Everyone with small children knows that your life completely changes. Keeping your small human(s) alive takes priority, which leaves you with not much time for yourself. I think most new parents find themselves missing their old lives at some point.
What I miss most isn’t eating dinner at a regular speed. It’s not using the bathroom alone and it’s not sleeping in. What I miss most is playing the piano.
I have been playing the piano since I was seven years old. What started as a hobby turned into a passion, which turned into a career and an identity. I used to play for 3 hours a day. Now I am lucky if I play 3 hours a year. You know why? It’s not the lack of motivation and it’s not the lack of desire. It is because of kids – mine and other people’s.
Went into teaching because I loved music and wanted to help others enjoy it too. I also thought this would guarantee I would always have music in my life. Well, this was only partially right. I have music in my life, but the music is no longer mine. I spend my day talking about music, helping others make music and how to understand the language of music. I do not play music. I am a facilitator, a conductor but not a musician in the way I used to be.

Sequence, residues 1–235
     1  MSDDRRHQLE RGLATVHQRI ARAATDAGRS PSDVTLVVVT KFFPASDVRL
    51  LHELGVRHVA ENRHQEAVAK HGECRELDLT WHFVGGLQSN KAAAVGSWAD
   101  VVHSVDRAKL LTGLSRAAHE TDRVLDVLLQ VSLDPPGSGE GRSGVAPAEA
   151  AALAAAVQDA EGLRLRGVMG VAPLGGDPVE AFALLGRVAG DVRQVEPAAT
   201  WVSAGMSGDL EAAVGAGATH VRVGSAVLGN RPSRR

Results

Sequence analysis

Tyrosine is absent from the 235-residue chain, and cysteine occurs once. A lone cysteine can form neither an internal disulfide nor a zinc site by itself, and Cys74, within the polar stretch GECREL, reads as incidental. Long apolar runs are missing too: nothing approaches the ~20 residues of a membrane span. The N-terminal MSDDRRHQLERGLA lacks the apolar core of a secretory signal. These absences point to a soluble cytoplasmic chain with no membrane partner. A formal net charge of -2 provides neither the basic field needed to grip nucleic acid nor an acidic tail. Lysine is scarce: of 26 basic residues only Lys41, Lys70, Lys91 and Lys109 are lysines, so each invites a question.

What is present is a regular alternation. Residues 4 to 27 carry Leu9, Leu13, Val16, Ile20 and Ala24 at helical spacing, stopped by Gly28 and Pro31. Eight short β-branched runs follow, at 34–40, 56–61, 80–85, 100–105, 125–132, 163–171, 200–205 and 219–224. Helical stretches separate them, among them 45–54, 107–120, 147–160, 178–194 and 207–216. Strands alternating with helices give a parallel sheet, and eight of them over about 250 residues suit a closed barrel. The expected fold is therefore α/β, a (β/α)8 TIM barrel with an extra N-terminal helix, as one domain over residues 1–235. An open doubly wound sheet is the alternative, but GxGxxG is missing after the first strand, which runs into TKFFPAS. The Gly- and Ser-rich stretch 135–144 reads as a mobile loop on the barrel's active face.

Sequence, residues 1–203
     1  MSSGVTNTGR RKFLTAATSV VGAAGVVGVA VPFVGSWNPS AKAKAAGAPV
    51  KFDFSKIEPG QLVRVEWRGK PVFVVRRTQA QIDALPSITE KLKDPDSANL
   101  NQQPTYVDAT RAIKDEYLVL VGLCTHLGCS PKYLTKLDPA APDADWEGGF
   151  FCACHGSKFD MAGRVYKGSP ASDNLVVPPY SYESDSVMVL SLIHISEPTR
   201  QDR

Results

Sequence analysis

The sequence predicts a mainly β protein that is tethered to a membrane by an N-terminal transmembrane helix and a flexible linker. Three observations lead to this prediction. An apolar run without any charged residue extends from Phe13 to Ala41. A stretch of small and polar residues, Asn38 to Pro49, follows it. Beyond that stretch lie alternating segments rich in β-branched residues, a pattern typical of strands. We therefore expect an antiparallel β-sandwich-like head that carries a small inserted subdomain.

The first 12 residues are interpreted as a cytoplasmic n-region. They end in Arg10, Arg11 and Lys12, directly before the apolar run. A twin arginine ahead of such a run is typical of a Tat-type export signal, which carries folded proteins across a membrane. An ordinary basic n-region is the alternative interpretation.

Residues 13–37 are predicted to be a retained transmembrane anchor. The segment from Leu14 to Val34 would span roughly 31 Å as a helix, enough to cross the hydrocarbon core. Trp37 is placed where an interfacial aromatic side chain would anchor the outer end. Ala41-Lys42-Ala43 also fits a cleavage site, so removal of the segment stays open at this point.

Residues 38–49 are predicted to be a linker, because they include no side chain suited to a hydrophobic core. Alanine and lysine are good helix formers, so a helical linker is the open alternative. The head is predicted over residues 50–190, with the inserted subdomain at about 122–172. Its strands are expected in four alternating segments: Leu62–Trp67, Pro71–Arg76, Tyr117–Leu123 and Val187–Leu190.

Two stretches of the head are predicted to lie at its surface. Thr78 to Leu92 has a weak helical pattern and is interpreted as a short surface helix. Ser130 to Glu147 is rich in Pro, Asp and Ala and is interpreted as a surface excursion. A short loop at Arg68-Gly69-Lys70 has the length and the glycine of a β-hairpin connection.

I have felt this loss since I started working in 2008 after graduating from a music degree and teacher’s college, but it is especially pronounced since the birth of my son. At least I used to be able to play for a few minutes after work. Now I scramble to finish my work and race home to pick up my son at daycare. At home it is a rush to cook dinner, get him ready for bed and squeeze in some quality time. After he goes to bed, there is no way I am making noise. So I don’t play.
I used to tell my music friends that I felt like music and I had broken up. It was not mutual. Most days I’m fine, but sometimes I would see music around town and my tough exterior would crumble. Music looked good, but music had moved on and I was left alone.
This is true, but there is more to it than that. I genuinely grieve over playing the piano. I grieve for it like it died. The grief catches me at odd moments, overwhelming me unexpectedly to the point of tears. I hear a piece of music I love and I feel utterly broken. I used to play. I used to be good. I worked diligently at something for most of my life, but I will probably never be better than I was at twenty-one years old.
Though I know I am still a good musician, if someone asked me to play something right now I do not have a single piece to play. I feel like I have a perfect understanding of the English language but am unable to speak. I feel mute.
I know that my musical knowledge and skills are still there, safe in my brain. That no matter how rusty my hands may become, I am still a better musician now than I was 20+ years ago. I know that music is waiting for me, when I am ready. I know my son and any future siblings are worth it. I know , but it still aches.
I try to remind myself that someday when my children are older and I have a little more time, I will play piano again. For now, this will have to be enough.